Judgement reserved after Judicial Review hears how Accountable Care could change the NHS

Judgement reserved after Judicial Review hears how Accountable Care could change the NHS

25th April 2018

By Graham Smith

Judgement has been reserved in the High Court case which will determine if Cornwall Council can revive its ambition to take over health services through an Accountable Care Organisation.

Judge Tim Kerr promised that his ruling would come soon.  “This is a matter of some urgency,” he said.

Although Cornwall Council was not a party to the Judicial Review, the case is directly relevant to NHS England’s proposed “whole population annual payment” contract which underpins ACOs.  In December 2016 the council and NHS Kernow announced plans to move “at pace” to establish an ACO, but later re-branded their plans as an Accountable Care System and then an Integrated Strategic Commissioning Function.

Health and council chiefs are keen to provide a more “joined up” service, particularly in relation to Adult Social Care and the discharge of patients from acute hospital wards.  But there are concerns that any more significant pooling of budgets, particularly when combined with the council’s devolution ambitions, would herald the break-up of the National Health Service.

The campaign group 999 Call for the NHS went to Leeds High Court yesterday (Tuesday) in a bid to have ACOs declared unlawful.  There has been no scrutiny or debate in Parliament.  If Judge Kerr finds in favour of 999 Call for the NHS, the prospect of Cornwall Council taking over any significant part of NHS Kernow’s annual budget will disappear.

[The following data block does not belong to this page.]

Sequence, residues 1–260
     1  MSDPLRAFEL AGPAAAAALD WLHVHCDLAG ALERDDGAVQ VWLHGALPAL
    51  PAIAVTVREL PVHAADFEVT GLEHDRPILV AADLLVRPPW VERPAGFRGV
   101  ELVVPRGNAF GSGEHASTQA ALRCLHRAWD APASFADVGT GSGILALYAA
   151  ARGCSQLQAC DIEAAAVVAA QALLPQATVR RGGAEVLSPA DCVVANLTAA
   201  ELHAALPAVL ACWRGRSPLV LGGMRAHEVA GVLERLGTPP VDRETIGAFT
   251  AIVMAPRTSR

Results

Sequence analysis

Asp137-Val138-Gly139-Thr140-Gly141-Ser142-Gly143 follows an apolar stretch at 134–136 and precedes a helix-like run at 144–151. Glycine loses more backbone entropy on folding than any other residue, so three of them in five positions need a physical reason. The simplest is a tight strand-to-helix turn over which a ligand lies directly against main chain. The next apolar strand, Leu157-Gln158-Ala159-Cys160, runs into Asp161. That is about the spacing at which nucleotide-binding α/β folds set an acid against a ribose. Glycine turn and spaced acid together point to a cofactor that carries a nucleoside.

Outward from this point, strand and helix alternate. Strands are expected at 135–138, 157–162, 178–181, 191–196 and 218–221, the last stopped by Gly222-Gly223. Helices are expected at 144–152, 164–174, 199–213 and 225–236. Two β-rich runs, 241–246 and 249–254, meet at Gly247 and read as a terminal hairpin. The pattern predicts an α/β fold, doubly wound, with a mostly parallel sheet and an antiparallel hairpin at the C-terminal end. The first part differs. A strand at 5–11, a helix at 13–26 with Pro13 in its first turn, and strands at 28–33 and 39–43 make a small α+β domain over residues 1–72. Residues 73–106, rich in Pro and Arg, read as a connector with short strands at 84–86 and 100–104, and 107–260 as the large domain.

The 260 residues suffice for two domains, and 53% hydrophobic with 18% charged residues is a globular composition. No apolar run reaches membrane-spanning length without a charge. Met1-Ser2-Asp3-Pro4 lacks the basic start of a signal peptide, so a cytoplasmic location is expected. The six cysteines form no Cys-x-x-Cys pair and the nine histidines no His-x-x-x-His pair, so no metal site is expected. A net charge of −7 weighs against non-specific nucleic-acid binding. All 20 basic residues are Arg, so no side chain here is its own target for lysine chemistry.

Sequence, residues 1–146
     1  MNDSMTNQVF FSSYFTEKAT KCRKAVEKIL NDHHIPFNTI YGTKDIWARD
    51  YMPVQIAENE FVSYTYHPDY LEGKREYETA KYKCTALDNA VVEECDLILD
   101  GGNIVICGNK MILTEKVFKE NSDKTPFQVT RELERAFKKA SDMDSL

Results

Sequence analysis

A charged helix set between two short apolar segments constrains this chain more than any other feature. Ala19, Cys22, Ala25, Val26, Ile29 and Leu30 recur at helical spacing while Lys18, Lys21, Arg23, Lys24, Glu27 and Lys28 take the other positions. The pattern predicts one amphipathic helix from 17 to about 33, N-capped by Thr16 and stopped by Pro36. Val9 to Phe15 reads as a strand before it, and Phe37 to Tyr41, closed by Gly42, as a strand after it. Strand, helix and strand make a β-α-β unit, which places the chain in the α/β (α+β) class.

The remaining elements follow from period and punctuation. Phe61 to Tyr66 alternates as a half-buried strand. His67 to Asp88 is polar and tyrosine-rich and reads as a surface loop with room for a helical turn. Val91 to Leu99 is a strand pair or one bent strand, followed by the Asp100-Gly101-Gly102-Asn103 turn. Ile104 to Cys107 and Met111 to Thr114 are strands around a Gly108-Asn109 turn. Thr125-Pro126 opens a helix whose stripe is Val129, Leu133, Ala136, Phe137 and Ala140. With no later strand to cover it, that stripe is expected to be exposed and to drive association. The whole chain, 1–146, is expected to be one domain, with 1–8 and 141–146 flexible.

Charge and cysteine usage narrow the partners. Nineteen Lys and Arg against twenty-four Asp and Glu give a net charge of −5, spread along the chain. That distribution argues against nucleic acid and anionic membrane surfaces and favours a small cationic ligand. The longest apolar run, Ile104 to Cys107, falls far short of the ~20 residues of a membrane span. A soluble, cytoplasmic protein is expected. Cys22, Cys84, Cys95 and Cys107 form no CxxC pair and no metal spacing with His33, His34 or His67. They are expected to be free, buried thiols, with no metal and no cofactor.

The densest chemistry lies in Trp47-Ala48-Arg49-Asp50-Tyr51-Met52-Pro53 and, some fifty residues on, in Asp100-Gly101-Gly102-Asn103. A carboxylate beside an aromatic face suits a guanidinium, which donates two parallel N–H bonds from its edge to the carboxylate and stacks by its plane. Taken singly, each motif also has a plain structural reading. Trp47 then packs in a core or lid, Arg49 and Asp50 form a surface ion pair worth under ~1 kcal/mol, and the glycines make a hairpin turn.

The campaigners said the proposed ACO contract is designed to “manage demand” – which they claimed meant restricting and denying health care to patients. “This would undermine the core principle that the NHS provides comprehensive healthcare to everyone who has a clinical need for it,” they said.


Campaigners outside Leeds High Court yesterday

David Lock, for the campaigners, said that one of the key planks of his argument stemmed from the 2012 Health and Social Care Act.  This provided for the NHS to operate as a managed market with competition between providers for contracts and patients on the basis of quality, not price. Anything like the ACO contract’s whole population annual payment, that served to drive down payment for health care services, would be contrary to the 2012 Health and Social Care Act.

NHS England said that the national tariff scheme is so broad that it provides a “host of discretions” about both price setting and the mandated rules it has to follow.  That “flexibility” included changing prices up and down and changes to specifications.

The NHS added that one of the justifications of the ACO contract was to drive innovation in procedures which could be more efficient.

Judgement is expected before a second, separate Judicial Review next month.

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